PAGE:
Early Friday, a virtual army of heavily armed law enforcement officers was still going through houses in Watertown, outside of Boston, one by one in a search for the second suspect. Police had blocked off a 20-block residential area and urged residents emphatically to stay inside their homes and not answer their doors.

Boston Police Commissioner Edward Davis said: "We believe this to be a man who's come here to kill people, and we need to get him in custody."

With gunfire ricocheting around the tranquil neighbourhood, residents were later told to go into their basements and stay away from windows.

The pursuit began after 10 pm Thursday when two men robbed a 7-Eleven near Central Square in Cambridge. A security camera caught a man identified as one of the suspects, wearing a gray hoodie.

About 10:30, police received reports that a campus security officer at MIT was shot while he sat in his police cruiser. He was found with multiple gunshot wounds, according to a statement issued by Middlesex Acting District Attorney Michael Pelgro, Cambridge Police Commissioner Robert Haas and MIT Police Chief John DiFava. The officer was taken to Massachusetts General Hospital, where he was pronounced dead.

A short time later, police received reports of an armed carjacking of a Mercedes SUV by two men in Cambridge, the statement said.

"The victim was carjacked at gunpoint by two males and was kept in the car with the suspects for approximately a half-hour," the statement said.

He was later released, uninjured, at a gas station in Cambridge.

Police immediately began to search for the vehicle and pursued it into Watertown. During the chase, "explosive devices were reportedly thrown from car by the suspects," the statement said, and the suspects and police exchanged gunfire.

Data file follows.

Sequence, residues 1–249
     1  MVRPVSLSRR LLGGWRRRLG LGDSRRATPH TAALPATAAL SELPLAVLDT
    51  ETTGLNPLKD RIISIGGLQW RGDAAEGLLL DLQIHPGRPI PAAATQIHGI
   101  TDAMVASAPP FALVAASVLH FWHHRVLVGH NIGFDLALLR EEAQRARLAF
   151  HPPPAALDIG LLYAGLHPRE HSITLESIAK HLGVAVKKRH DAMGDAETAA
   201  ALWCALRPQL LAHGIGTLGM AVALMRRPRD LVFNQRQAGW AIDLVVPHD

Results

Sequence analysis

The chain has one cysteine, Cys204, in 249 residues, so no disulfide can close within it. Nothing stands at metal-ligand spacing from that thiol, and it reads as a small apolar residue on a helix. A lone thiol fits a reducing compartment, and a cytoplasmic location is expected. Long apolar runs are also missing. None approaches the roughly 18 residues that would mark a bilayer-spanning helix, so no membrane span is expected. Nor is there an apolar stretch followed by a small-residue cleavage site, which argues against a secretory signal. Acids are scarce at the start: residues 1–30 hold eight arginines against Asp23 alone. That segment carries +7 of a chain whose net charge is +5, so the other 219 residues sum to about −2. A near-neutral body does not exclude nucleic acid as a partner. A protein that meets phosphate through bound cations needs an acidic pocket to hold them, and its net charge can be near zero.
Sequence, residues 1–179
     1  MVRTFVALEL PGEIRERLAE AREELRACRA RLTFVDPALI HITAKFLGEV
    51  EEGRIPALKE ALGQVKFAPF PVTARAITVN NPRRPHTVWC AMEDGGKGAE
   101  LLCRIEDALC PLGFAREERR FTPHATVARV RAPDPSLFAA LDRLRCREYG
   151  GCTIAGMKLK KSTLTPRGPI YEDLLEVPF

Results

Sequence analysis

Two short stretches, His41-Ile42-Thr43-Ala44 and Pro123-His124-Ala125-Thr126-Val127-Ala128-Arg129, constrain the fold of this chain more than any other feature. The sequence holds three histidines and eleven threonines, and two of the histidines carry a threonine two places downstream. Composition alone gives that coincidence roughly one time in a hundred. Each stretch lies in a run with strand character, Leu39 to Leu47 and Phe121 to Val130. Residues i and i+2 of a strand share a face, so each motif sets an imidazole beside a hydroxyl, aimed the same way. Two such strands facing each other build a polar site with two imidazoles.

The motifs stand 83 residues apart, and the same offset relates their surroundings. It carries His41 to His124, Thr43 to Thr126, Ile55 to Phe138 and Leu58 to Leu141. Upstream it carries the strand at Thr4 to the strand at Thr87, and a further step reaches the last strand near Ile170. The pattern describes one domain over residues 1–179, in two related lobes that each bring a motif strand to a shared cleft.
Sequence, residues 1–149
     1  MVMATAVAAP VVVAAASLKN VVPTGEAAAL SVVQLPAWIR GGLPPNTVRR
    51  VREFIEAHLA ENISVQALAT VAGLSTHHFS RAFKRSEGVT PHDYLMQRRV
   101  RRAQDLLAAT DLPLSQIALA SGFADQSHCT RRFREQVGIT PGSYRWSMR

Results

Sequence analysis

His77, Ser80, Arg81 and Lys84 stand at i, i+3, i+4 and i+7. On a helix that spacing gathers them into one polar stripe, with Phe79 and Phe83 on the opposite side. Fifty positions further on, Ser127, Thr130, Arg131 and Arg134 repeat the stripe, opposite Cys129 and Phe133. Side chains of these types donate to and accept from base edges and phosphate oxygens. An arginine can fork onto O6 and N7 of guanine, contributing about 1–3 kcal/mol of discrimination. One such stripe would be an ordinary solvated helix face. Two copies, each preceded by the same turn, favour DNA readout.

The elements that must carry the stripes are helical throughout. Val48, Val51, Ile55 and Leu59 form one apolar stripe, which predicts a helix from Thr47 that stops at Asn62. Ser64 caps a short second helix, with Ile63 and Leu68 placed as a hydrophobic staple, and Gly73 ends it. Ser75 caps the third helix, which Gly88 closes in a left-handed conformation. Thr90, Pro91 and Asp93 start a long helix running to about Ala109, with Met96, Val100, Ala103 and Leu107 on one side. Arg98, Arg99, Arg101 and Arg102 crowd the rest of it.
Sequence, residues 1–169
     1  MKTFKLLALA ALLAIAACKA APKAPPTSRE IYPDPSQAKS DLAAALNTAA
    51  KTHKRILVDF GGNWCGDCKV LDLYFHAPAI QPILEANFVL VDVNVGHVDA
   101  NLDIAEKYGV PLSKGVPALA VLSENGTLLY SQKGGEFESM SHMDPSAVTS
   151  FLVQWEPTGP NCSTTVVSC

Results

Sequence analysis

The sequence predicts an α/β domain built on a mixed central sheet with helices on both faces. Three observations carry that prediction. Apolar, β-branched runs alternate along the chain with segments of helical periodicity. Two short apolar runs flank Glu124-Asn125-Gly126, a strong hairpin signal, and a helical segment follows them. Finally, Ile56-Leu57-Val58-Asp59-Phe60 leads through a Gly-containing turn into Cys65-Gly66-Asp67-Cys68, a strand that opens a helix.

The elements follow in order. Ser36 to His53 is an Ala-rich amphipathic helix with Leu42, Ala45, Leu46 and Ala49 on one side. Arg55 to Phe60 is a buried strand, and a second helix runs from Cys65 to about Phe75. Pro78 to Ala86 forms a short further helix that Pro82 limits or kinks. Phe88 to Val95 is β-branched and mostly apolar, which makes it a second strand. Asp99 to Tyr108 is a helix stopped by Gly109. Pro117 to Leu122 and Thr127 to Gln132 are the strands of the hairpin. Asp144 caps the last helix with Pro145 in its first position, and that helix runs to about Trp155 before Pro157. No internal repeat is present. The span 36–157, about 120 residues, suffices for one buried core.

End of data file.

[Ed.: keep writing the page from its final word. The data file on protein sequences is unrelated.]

A Watertown resident, Andrew Kitzenberg, 29, said he looked out his third-floor window to see two young men of slight build in jackets engaged in "constant gunfire" with police officers. A police SUV "drove towards the shooters," he said, and was shot at until it was severely damaged. It rolled out of control, Kitzenberg said, and crashed into two cars in his driveway.

The two shooters, he said, had a large, unwieldy bomb that he said looked "like a pressure cooker."

"They lit it, still in the middle of the gunfire, and threw it. But it went 20 yards at most."

It exploded, he said, and Tamerlan Tsarnaev ran toward the gathered police officers. He was tackled, but it was not clear if he was shot, Kitzenberg said.

The explosions, said another resident, Loretta Kehayias, 65, "lit up the whole house. I screamed. I've never seen anything like this, never, never, never."

Meanwhile, Dzhokhar A. Tsarnaev, said Kitzenberg, got back into the SUV, turned it toward officers and "put the pedal to the metal."

The car "went right through the cops, broke right through and continued west."

The two men left "a few backpacks right by the car, and there is a bomb robot out there now."

Police had told residents to stay away from their windows, he said.

During this exchange, an MBTA police officer was seriously injured and taken to the hospital.

At the same time, Tamerlan Tsarnaev was critically injured with multiple gunshot wounds and taken to Beth Israel Deaconess Hospital in Boston, where he was pronounced dead at 1:35 am.

A doctor who works at Beth Israel, and who lived in the area of the chase and shootout, said he was working at home around 1 am when he heard the wailing sirens. He said at a news conference at Beth Israel that he recognized that something was wrong and alerted his emergency room to prepare for something.

© 2013, The New York Times News Service
Story First Published: April 19, 2013 17:36 IST